Thanks to the support of her upline Mr. Firose Khan, Padma eventually jumped in with both feet, and when she began seeing a return, she started telling her friends.
“My upline warned me that only certain people would be interested in this type of business,” she says, “because you have to build relationships, which is not everyone’s cup of tea.” Her upline taught her that building a business requires a great amount of patience and perseverance because you need to approach lots of prospects in order to find those who want to become your partners. Padma trusted her upline and started talking to friends and relatives, but she was
unsuccessful at recruiting them.
“They said no because they had seen me lose a lot of money in my traditional business. They even tried to persuade me to quit my network marketing business because they believed it would turn into another failed experiment that would cause me to lose more money. I decided to focus on strangers instead, and once others started believing in me, my family came back and showed interest.”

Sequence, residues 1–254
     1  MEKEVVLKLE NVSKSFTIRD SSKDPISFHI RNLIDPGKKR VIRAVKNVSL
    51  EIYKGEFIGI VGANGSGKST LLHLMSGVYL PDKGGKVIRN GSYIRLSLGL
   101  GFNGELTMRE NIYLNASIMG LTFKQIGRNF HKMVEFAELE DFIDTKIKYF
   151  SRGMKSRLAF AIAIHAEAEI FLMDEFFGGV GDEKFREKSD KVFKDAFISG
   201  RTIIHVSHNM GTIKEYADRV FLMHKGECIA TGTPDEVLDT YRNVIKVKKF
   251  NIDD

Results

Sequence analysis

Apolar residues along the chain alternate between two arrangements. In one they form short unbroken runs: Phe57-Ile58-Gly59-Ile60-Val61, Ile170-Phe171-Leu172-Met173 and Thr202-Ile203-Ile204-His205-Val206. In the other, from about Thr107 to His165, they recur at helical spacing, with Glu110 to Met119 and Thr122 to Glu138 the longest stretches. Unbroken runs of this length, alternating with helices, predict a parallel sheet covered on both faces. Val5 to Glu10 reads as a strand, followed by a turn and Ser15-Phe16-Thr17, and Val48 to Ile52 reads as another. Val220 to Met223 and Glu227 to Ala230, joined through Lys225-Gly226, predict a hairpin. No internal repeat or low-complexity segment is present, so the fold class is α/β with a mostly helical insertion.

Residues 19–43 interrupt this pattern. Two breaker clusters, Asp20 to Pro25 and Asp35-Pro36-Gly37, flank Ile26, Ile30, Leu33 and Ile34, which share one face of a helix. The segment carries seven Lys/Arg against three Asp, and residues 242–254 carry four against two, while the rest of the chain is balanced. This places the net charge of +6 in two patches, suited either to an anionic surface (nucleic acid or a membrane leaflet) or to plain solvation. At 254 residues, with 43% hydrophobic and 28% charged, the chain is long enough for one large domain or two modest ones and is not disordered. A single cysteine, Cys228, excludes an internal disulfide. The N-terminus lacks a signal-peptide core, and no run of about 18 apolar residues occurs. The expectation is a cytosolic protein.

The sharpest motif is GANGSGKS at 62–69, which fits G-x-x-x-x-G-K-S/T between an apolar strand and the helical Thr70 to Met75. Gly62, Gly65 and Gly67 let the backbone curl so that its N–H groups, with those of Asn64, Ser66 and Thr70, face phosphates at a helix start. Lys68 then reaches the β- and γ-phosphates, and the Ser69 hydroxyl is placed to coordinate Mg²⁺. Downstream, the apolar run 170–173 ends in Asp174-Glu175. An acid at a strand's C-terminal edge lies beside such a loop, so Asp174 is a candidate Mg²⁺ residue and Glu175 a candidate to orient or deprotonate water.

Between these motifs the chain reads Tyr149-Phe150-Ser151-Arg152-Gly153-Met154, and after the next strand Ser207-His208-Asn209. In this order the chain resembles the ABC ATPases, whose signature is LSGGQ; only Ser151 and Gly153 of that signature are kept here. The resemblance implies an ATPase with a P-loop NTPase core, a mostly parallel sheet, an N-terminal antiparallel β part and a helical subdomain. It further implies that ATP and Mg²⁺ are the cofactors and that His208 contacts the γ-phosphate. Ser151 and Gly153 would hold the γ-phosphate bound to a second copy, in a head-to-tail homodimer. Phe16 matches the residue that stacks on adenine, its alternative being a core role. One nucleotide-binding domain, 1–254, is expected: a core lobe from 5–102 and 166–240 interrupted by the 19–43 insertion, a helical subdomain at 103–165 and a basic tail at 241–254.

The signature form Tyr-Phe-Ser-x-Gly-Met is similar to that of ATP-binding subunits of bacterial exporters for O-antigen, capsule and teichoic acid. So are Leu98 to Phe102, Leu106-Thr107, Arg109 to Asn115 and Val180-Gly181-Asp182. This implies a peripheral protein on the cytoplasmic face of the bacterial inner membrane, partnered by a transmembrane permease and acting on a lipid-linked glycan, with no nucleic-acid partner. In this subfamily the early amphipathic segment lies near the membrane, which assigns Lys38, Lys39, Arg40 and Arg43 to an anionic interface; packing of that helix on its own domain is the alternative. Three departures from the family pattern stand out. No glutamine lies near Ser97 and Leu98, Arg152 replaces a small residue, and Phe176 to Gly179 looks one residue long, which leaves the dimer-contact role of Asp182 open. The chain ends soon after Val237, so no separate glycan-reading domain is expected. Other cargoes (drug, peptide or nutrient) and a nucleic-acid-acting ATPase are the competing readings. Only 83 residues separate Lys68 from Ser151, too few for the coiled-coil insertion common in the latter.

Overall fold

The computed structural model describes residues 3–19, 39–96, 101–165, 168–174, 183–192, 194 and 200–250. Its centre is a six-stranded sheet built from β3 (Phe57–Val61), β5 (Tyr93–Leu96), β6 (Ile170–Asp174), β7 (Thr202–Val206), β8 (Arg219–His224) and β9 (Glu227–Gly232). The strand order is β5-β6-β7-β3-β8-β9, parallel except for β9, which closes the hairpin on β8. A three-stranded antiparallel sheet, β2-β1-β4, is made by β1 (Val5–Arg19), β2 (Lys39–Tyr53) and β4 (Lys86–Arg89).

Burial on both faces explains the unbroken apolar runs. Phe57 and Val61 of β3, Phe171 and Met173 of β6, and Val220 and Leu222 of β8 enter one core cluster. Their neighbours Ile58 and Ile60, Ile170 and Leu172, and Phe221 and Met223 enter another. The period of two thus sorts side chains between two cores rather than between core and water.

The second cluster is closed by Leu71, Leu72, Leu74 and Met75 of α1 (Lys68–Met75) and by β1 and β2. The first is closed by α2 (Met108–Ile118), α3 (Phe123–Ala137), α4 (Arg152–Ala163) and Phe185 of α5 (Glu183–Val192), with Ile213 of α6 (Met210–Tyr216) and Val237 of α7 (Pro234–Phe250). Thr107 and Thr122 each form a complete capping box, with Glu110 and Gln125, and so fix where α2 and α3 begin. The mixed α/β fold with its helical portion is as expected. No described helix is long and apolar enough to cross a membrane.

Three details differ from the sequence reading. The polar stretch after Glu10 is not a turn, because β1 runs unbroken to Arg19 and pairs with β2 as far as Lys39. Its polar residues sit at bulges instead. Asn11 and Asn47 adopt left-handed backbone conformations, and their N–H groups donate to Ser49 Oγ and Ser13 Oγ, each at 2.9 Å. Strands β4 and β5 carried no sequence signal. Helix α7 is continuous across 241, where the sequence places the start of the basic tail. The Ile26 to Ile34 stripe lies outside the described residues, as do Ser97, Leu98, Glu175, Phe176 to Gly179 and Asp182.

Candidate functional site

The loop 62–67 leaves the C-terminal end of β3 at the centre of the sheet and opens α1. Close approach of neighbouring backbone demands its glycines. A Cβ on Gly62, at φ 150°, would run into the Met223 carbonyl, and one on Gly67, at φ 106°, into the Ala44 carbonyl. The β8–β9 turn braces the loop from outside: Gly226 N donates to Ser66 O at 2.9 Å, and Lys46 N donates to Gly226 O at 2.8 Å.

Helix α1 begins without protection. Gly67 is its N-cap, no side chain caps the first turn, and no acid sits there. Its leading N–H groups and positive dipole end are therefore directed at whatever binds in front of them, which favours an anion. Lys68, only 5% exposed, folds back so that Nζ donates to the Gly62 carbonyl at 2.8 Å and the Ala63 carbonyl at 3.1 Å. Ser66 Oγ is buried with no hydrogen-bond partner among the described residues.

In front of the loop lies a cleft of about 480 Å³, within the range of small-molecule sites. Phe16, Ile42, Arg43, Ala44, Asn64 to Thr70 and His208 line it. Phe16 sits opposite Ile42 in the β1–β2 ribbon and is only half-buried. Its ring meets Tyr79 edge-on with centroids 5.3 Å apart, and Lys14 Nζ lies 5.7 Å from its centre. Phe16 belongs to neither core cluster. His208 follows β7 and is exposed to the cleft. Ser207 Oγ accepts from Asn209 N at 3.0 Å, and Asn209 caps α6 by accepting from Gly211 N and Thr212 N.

Padma shared the business mainly with customers and vendors who visited her beauty salon and boutique, as well as people she ran into.
“Some were able to see the opportunity,” she says, “and they became my strongest leaders.
“Compared to other types of businesses and industries, becoming a distributor in our company requires only a small financial investment, and this has raised a high level of curiosity and positive response in India.”
According to Padma, a much bigger obstacle than the start-up cost was the lack of belief in most prospects’ minds.
“Indians are often suspicious of Malaysian companies trying to conquer the Indian market,” she says. “Only thanks to the unwavering support of my upline was I able to withstand all the rejection I encountered. But once I began earning commission checks, everyone started believing in me.”